Football Friends Online – When 90 Mins Is Not EnoughNothing wrong with embracing the bench - Football Friends Online - When 90 Mins Is Not Enough Nothing wrong with embracing the bench - Football Friends Online - When 90 Mins Is Not Enough

Nothing wrong with embracing the bench


A goal down with the clock ticking at the Hawthornes earlier in the season, Roberto Mancini turned to his substitute striker Edin Dzeko and handed to him the responsibility of dragging his side out of the mire, just like the Bosnian had done against both Southampton and Fulham as City’s title defence got off to a rocky start. Again, it worked, Dzeko headed an equaliser before thrashing home a late winner to earn City what now looks like a vital three points at the home of an impressive-looking side lying fourth in the table.

City lie top of it with Dzeko’s goals earning ten of their 28 points so far, last week’s winner over Spurs the latest after similar salvos at Craven Cottage and the Hawthornes, whilst his  Sergio Aguero injury-induced introduction at home to Southampton on the opening weekend saw him cancel out the Saints’ impressive 2-1 advantage to give City the impetus  to push on and find a late winner through Samir Nasri. Not forgetting his leap off the bench to net City’s first goal in an ultimately defeatist night at Real Madrid and, if anybody can forget, his substitute equaliser that sparked the incredible, Championship-winning comeback against QPR, and you can gather that Dzeko is pretty vital to the City cause just as long as he starts on the bench.

Yet, the striker is not happy being cast in the role of saviour. The aftermath of his rescue at West Brom was notably spiky for his refusal to acknowledge the “supersub” tag and there has been various links with an exit from the Etihad as Roberto Mancini remains reluctant to move Dzeko ahead of Carlos Tevez and Aguero in the hierarchy of City’s front-line and install him as first choice. The Italian has challenged his player to reproduce his cameo-scoring habit as a starter as he builds up to the vital Champions League tie with Real Madrid, but the question remains when a record of 6 goals scored as a sub co-exists with 5 games begun, just one goal scored, vs QPR in a 3-1 home win.

Criticisms would rightly be aimed at the extent of Dzeko’s ambition should a £30 million striker voice his contentment at a permanent role on the sidelines, every player wants to play goes the cliche, but perhaps that shouldn’t be the case, perhaps Dzeko, with his constant public clamouring of Mancini for a starting spot, is the inadvertent spokesperson for a failure to see the advantages of starting from the bench.

Ole Gunnar Solskjaer was probably the most high-profile of supersubs in recent years, perhaps a major player in reviving the term after David Fairclough’s performances for Liverpool through the 70’s and 80’s, a 4 goal-12 minute blitz of Nottingham Forest probably lasts just as long in the memory as his last-gasp winner for Manchester United in the dramatic Champions League final of 1999. Solskjaer was a specialist from the bench to the extent it may have become a designated role in itself, just as important as anybody in the starting eleven. Perennial Chelsea substitute Solomon Kalou once described the advantages of starting in reserve “it forces you to read the game in a different manner, to study my area of the pitch and watch my man so I can make mental notes of how I’m going to beat him”.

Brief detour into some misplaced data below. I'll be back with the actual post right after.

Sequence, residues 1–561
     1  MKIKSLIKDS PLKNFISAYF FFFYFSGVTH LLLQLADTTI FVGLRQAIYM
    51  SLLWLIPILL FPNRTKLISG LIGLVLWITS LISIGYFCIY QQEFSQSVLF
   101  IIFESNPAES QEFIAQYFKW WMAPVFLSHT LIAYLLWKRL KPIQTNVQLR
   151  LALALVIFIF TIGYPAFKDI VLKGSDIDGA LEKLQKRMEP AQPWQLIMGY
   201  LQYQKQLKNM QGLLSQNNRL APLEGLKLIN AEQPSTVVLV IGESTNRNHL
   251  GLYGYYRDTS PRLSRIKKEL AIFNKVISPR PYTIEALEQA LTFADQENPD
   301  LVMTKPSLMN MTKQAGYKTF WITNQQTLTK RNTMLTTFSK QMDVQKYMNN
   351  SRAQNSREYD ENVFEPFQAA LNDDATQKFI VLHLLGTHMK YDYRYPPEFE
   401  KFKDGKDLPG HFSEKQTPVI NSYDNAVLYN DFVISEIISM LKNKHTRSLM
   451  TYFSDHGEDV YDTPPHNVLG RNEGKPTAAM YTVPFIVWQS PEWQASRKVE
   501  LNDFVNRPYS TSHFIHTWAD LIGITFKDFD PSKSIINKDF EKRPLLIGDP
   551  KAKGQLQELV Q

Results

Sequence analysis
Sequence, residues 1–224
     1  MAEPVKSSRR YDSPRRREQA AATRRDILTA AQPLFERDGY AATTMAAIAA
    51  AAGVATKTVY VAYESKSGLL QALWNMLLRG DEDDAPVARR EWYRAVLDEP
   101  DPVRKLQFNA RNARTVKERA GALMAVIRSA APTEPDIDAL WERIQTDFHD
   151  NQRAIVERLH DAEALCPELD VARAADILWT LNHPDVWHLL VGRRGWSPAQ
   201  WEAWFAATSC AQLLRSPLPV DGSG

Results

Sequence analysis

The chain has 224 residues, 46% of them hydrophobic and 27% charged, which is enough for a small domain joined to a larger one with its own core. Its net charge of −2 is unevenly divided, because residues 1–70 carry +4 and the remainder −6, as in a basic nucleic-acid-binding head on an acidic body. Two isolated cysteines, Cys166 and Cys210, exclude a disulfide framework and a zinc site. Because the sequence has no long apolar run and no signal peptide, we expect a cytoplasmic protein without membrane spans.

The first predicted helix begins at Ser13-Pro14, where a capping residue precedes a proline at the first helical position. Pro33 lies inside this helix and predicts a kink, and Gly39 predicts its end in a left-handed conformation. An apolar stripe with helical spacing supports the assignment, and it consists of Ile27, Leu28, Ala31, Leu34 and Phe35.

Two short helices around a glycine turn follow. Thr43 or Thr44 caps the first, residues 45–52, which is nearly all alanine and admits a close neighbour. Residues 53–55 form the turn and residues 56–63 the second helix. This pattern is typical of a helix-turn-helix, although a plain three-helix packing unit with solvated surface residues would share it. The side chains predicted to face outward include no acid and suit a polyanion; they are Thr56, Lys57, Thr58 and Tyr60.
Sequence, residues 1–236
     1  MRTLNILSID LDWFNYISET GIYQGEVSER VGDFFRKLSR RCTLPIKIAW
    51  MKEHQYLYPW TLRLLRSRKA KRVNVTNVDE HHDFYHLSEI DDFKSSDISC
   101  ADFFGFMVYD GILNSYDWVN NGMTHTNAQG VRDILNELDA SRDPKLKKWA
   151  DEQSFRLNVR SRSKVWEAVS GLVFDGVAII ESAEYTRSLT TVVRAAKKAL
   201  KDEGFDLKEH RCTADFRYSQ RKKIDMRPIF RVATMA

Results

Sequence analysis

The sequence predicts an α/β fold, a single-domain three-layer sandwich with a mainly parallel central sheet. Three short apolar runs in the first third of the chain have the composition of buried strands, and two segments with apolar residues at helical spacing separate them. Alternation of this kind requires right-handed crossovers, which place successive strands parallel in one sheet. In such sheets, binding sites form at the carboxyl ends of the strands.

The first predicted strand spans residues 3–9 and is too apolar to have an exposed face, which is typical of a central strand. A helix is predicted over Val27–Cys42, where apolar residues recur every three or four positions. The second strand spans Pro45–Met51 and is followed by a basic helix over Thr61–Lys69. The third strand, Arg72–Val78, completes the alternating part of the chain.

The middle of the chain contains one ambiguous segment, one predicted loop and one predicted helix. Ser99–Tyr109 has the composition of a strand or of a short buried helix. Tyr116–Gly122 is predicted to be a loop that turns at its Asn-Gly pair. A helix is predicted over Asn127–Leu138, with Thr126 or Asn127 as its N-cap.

Manchester United have their own modern version of the baby faced assassin in Javier Hernandez as Sir Alex Ferguson sees no hesitation in comparing his attacking line-up with that of 1999’s fearsome quartet, but Hernandez seems to suffer from the imbalance of not being able to have the same effect on a match from the off as he would do bursting into life at the sudden summons of his manager. The Mexican, scorer of the controversial late winner at Chelsea and a match-saving hat-trick following his half-time introduction with United 2 goals down at Aston Villa, struggled in a 1-0 defeat at Norwich after Ferguson buckled to temptation to hand Hernandez a starting spot.

Perhaps a victim of his own riches, Ferguson cannot find a regular spot for Hernandez amongst the quality of Wayne Rooney and Robin Van Persie, but the predatory threat of “little pea” is based on his movement and quickness of thought, better when utilised against tiring defences as a match wears on. Or, as in the case of the Villa match, when United are probing away at a deep defence trying to find a way back from a deficit. From the first whistle, when the game is more open, a viable criticism of Hernandez is his struggle to link the play with his back to goal and his constant desire to play on the shoulder which usually renders him isolated as United are forced to build from deep when the game is in its youth.

It all equates to the basic summary that a football match is different in the 70th minute than it is to the first and players like Edin Dzeko and Javier Hernandez are possibly better suited to taking advantage of that fact. One thing is for sure, with a third of all Premier League points being won from losing positions this season, it is time to chip away at the stigma attached to being left on the bench that has seemingly evolved with the likes of Emmnauel Adebayor and Darren Bent expressing dissatisfaction with warming the bench. Hernandez and Dzeko are showing that being left out can be the most vital role in a match, not necessarily as the snub it is so often seen to be.

Adam Gray